Two decades of work at Yale prove emotions matter in the classroom
In August, leaders from more than 50 schools from around the country will gather at Yale to hear a simple but profound message — emotions matter in the classroom.
The training session will be the largest ever held by the Yale Center for Emotional Intelligence, which has built a sophisticated, science-based program that is anchored in the seminal work of now Yale University President Peter Salovey and fellow psychologist John D. Mayer. Less than a quarter century after publication of their paper, “Emotional Intelligence,” 75,000 educators in more than 500 schools in 30-plus states and countries including England, Spain, Italy, and Australia have learned about the key role of emotions in learning and behavior through a program called RULER.
The rapid adoption of RULER — an approach to teaching emotional intelligence spearheaded by Marc Brackett, who this year succeeded Salovey as director of the Center for Emotional Intelligence – is driven by testimonials like that of Fran Rabinowitz, superintendent of schools in Hamden, Connecticut, which implemented the program three years ago.
“Emotional intelligence has become part of the framework of our school district,” Rabinowitz said. “RULER has become part of what we do and who we are; it’s built into our strategic plan. It has certainly helped in terms of student behavior, but that is not the main premise. Today, we educate the whole child.”
In 1990, Salovey and Mayer devised a way to measure an individual’s ability to recognize and understand their own feelings and those of others, and to assimilate that knowledge into their behavior. However, few people read the paper until 1995, when Daniel Goleman cited it in his international bestselling book “Emotional Intelligence.” Interest in emotional intelligence then exploded.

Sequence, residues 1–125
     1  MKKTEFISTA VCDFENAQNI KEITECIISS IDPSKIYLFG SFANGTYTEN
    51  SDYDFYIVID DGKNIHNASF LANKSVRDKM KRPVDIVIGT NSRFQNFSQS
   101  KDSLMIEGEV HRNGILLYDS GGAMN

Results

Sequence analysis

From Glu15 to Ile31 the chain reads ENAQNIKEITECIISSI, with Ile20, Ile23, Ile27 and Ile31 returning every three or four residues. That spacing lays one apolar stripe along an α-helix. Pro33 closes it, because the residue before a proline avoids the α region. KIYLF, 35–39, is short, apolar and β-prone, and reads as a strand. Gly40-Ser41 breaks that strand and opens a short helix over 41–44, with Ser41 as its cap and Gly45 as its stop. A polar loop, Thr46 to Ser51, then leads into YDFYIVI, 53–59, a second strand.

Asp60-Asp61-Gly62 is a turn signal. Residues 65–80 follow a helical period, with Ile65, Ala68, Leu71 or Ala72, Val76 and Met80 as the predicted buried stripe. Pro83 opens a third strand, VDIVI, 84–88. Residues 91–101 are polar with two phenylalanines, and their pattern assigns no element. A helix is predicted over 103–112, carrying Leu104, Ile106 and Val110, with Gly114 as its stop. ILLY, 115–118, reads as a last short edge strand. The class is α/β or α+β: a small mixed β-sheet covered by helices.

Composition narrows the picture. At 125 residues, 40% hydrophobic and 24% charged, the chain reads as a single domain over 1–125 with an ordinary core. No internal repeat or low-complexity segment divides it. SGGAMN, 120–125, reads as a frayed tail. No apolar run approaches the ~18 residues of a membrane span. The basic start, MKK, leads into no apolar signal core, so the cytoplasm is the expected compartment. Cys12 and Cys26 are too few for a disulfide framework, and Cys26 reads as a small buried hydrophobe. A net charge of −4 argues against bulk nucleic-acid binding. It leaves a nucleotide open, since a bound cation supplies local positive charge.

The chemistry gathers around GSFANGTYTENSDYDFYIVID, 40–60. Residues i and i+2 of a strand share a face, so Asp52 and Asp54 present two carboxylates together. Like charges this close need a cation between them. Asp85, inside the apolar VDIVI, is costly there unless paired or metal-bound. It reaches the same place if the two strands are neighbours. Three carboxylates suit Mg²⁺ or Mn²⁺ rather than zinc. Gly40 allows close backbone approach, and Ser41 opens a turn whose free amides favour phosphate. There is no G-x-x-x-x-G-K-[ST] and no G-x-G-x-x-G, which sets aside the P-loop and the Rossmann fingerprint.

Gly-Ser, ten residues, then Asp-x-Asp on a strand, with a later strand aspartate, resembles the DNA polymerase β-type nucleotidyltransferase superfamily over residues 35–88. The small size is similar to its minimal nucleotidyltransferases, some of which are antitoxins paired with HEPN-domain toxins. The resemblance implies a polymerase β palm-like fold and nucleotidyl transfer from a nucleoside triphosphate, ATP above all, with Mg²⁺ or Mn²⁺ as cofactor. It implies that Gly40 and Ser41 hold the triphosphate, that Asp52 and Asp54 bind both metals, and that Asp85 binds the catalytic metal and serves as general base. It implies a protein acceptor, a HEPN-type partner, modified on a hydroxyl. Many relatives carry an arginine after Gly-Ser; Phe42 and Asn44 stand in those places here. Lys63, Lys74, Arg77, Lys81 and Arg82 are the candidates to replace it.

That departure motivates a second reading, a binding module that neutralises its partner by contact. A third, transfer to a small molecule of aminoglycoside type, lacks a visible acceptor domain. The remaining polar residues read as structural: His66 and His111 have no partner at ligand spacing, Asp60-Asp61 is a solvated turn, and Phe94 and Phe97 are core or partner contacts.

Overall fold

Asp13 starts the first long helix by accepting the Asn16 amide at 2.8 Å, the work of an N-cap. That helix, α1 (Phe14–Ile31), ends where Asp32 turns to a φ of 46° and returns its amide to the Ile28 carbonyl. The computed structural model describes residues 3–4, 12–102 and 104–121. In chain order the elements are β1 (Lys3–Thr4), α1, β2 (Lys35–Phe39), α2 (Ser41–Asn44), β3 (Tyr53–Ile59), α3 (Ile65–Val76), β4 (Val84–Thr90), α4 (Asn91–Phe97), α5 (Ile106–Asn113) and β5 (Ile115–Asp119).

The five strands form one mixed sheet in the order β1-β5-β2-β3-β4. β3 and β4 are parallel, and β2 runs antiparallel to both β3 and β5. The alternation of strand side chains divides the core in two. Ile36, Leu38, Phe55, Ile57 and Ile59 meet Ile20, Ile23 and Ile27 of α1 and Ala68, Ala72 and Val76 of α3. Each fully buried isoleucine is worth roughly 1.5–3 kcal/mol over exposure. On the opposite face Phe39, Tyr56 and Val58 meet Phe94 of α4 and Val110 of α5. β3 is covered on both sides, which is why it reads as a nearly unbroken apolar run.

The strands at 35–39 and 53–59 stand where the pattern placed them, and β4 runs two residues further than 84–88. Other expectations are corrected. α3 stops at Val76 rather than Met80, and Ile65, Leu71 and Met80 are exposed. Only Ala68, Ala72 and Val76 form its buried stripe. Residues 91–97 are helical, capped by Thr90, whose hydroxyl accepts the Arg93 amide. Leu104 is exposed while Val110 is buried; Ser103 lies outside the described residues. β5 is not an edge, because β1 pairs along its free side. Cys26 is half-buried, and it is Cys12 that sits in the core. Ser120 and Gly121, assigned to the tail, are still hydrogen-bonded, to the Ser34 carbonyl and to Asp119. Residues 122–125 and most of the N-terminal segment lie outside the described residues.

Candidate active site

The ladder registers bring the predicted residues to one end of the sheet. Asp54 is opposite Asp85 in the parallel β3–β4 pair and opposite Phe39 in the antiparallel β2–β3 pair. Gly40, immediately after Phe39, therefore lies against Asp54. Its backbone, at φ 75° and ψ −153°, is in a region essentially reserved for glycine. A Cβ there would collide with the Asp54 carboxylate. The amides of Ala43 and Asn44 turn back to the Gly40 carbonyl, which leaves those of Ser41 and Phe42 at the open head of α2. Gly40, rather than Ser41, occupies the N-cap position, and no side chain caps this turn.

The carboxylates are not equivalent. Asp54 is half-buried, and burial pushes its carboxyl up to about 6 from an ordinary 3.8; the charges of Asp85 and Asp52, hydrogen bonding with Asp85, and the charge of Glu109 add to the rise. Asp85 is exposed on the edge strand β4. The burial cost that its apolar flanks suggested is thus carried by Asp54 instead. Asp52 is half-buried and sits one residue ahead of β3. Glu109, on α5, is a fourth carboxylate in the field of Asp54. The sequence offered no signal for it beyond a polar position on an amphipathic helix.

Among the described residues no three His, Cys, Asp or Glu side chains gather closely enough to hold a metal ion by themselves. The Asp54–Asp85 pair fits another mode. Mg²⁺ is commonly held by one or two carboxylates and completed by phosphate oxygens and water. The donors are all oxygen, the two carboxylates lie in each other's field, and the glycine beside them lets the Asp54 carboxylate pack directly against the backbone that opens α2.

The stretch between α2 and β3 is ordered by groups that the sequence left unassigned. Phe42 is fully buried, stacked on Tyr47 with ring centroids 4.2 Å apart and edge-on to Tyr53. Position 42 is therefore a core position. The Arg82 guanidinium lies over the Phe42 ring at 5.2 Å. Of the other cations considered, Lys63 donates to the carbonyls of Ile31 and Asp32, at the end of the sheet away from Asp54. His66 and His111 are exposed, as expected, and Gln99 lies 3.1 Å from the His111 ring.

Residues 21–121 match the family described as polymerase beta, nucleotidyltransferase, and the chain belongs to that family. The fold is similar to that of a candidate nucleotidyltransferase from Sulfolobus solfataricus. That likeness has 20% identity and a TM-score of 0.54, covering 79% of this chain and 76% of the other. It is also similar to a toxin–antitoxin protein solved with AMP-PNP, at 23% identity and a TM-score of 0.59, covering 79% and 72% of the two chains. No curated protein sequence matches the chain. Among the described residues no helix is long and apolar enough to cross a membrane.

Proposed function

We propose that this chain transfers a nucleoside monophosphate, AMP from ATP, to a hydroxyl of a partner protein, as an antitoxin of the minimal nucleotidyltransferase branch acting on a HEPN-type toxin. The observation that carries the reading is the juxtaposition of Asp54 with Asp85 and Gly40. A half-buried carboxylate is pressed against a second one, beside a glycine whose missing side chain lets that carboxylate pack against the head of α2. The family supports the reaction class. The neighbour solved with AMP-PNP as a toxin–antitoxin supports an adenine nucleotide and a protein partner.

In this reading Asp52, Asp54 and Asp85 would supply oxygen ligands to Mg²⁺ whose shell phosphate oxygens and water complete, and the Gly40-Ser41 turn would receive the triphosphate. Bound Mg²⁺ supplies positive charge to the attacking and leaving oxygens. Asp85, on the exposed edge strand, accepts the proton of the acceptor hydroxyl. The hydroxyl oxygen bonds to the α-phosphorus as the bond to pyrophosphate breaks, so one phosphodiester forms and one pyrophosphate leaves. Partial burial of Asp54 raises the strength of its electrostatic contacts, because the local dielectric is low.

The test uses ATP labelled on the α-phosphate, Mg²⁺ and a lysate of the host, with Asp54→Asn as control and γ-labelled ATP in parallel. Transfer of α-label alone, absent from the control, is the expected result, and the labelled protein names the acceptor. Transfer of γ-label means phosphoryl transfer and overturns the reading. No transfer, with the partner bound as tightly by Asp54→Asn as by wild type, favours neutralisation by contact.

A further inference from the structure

One of the readers of Goleman’s book was Brackett, who thought that much of discussion that ensued after the book’s publication watered down the underlying skills of emotional intelligence. “The emphasis was on things like optimism, self-esteem, and perseverance, which to me were more like personality traits than emotional intelligence,” Brackett said.
Brackett searched for a more rigorous approach to the topic, and after reading Salovey and Mayer’s paper he earned his doctorate with Mayer as his adviser and became a postdoctoral associate with Salovey at Yale. For the next 10 years, Brackett — along with his uncle and long-time mentor Marvin Maurer, Yale psychologist Susan Rivers, and other Yale researchers — began building what would become the RULER program, launched in 2005.
In the eight years since, many studies have shown its efficacy in improving behavior and academic performance. So impressive are the results that Yale has instituted training that incorporates the program for managers at the University, and the Yale School of Management considers emotional intelligence as a factor in its admissions assessments.
There are several reasons why the program has gone well, says Brackett, noting that Yale staff concur that “we need to train everyone with a face” about the importance of emotions in daily interactions.
In the training, what begins as talk about “feeling” words such as anger, frustration or fear — or calm and elation — advance into discussions about what sort of classroom environment is desired by students, teachers, administrators, and other school staff, including bus drivers and custodians. Those discussions about how to feel respected, valued, and appreciated can lead to agreements that help diffuse conflicts as they arise, Rivers said.
“In the classroom, there needs to be space to develop and practice the skills of emotional intelligence every day, and such discussions cannot be a separate part of the curriculum,” Rivers added. “What we want is for emotions to be integral to the everyday practices of teaching and learning. Children will benefit the most if their teachers and family members are developing their emotional intelligence, too.”